The last of the candidate forums took place Wednesday evening and again, there was little possibility of calling this a debate. This was sponsored by CBC and included an online Facebook feed and Twitter component as well. I was hoping to live blog the event but discovered that, when the hotel said that WiFi was available for the event, it just wasn’t available in the room where it was held.
The format was slightly different, in that the candidates answered questions from the floor and telephone and did have a chance at rebuttal after their earlier chance to answer. However, each of the candidates supported the various concerns, be it reducing violence against women or increasing the amount of affordable housing.
Some of the obvious things that appeared were the standard issues. Some of the candidates are very unfamiliar with the difference between Federal and Provincial/Territorial responsibilities. This was apparent in the answers on free entry staking mining and when discussing education as part of their answers. Much of the time, candidates read their responses from party platforms and their answers seemed flat and uninteresting. In one case, Ryan Leef, the Conservative candidate, refused to answer a question on how the candidates felt about removing support for abortion counseling. His response, that he knew little about the subject so it would be improper to answer, drew a bit of ire from the crowd.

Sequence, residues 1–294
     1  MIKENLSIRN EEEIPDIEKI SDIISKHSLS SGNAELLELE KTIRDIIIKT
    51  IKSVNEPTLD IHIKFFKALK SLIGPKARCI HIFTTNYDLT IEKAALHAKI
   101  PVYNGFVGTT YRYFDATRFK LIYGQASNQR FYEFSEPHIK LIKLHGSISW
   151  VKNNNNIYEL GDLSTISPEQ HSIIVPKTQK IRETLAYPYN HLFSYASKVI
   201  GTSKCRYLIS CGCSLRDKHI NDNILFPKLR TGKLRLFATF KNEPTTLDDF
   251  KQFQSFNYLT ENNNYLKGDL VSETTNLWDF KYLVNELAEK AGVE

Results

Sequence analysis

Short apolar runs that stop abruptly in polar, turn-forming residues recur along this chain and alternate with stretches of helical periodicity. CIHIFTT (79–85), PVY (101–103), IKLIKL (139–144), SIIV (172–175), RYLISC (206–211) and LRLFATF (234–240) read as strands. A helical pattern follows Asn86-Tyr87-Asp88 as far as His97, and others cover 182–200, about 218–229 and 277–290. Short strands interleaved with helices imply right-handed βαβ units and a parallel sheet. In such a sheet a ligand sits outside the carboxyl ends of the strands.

Not all of the questions proposed were asked due to the two-hour time limit on the event. However, a point of note was that some issues, such as health care and the long gun registry, were not brought up in the discussion.
One aspect of many of the responses was the amount of time candidates spent referring to their history. One tweet from the Twitter feed dealt with this: “when a candidate speaks about himself, he has nothing to say.”
Winners? Losers? Most of the comments on Twitter and Facebook suggest that John Streicker, the Green Candidate, was the most passionate and informed. But, in the long run, I don’t see where these forums actually accomplished a great deal. There should be a more structured debate format rather than the current one next time. The current format does nothing to allow you to differentiate between the various parties and probably adds little to deciding on whom you’d choose.
For all intents and purposes, there should be little more to the campaign. The leaders are all running around safe ridings to ride out the last few days and avoid doing a “Kim Campbell” at the end of the campaign. Few big issues will come forward to prevent making any mistakes in the final days. Now, the main thing that remains is wondering what will come from the NDP polling results, a trend you probably will not see extended to our riding…